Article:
Chihuahua Case

Species: Canine

Breed: Chihuahua

Age: 7 Years

Gender: Female Spayed

Source/History: Left kidney in full

Low power (1X)


High magnification (40X)


High Magnification (40X) – A vessel adjacent to the adrenal gland containing an embolus of neoplastic tissue
Click here for the IDEXX Pathology Report on this case.

Microscopic Description:

Most of the left kidney is effaced and replaced by a neoplasm comprised of large lobules of tubular structures invested by delicate fibrovascular stroma that contains a few lymphocytes and plasma cells. The neoplastic cells are cuboidal and contain amphiphilic cytoplasm. Nuclei are oval to round with a prominent large single nucleolus. Occasionally to nucleoli are present. Large areas of necrosis are present throughout the tumor. The tumor is also effacing and replacing a portion of the left adrenal gland. Tubular structures of the tumor are present within vessels surrounding the adrenal gland.

Microscopic Interpretation:

Left kidney: Renal carcinoma with necrosis, fibrosis and pleocellular inflammation

Mitotic Count: 16

Excision: Extends into connective tissue surrounding the kidney with metastasis to the adrenal gland.

Vascular invasion: Observed and Prominent


Renal carcinomas are the most common primary renal tumors of dogs, cattle, and horses. They are sporadically reported in cats, sheep, and pigs. These tumors are generally seen in older animals. The tumor has however been reported in dogs less than 2 years of age. In cats, the mean age at diagnosis is 9 years with no breed or sex predilection. Males are affected about twice as often as bitches. Paraneoplastic syndromes associated with this tumor, although rare, include extreme neutrophilic leukocytosis, disseminated intravascular coagulation, leukomoid blood response, and bone infarcts. These tumors tend to grow expansively but satellite nodules often develop from local permeation. Invasion of the renal vein is possible but may not result in metastases. Peritoneal implantation sometimes occurs. This tumor, when it does metastasize, often spreads to the lungs, liver, brain, heart, and skin. In some cases, unilateral nephrectomy is curative.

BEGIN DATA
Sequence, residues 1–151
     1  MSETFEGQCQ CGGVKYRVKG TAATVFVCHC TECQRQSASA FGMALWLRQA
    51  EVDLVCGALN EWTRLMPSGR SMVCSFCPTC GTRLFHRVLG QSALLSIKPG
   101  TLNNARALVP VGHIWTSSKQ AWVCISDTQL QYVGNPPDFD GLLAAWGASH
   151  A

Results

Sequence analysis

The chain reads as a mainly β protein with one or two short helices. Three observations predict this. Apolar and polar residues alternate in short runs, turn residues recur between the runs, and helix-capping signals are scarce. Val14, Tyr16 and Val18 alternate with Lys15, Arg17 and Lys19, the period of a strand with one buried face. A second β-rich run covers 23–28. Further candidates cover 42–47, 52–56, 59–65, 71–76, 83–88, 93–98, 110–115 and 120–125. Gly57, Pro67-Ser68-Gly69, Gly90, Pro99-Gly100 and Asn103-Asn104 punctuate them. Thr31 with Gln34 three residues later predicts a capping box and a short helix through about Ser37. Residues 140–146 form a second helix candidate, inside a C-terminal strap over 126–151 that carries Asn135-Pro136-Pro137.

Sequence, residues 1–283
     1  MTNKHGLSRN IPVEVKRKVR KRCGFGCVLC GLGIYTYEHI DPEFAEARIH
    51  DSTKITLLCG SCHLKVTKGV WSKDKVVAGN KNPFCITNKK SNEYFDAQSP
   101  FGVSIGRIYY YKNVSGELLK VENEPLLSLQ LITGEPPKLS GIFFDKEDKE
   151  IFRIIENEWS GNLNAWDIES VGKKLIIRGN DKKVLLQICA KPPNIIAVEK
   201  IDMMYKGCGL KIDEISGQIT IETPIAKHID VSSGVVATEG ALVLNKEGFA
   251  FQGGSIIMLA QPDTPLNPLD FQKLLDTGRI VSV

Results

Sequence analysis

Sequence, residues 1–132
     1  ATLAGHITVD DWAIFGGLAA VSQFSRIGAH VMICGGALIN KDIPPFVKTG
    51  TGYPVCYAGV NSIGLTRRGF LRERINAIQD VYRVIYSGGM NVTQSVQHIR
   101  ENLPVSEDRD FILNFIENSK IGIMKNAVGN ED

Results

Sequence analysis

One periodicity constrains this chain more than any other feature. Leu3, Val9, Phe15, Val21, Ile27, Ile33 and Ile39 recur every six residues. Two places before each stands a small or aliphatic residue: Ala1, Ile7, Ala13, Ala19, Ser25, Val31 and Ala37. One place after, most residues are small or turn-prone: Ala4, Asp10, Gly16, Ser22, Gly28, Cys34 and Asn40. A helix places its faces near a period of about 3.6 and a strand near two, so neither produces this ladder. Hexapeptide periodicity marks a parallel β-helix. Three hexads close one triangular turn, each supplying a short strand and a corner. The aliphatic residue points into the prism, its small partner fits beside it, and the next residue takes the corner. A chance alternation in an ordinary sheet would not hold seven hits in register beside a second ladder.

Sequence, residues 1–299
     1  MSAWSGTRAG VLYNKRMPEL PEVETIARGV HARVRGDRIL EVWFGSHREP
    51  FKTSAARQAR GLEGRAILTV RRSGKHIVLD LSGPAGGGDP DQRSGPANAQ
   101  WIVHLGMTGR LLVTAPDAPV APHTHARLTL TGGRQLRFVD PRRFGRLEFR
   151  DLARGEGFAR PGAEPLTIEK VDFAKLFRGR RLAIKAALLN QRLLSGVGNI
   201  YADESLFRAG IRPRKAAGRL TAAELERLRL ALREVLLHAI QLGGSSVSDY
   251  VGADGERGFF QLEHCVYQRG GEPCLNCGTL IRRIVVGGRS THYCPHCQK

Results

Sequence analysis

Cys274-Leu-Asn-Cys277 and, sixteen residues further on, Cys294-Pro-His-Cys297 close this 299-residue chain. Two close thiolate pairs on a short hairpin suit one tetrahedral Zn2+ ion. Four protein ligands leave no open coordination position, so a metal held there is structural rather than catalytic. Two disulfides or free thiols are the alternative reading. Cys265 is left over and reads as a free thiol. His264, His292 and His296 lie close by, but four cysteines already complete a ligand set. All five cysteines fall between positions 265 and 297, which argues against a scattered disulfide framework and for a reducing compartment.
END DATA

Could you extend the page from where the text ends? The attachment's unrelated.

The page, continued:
Image Notes:

  1. Low power (1X) view of the kidney (Left) and the adrenal gland (right). The kidney is effaced by tumor, there are metastatic nodules in the adrenal gland.
  2. High magnification view of the lesion (40X), demonstrating neoplastic cords and small acinar type structures effacing the normal renal parenchyma.
  3. A vessel adjacent to the adrenal gland contains an embolus of neoplastic tissue (40X).


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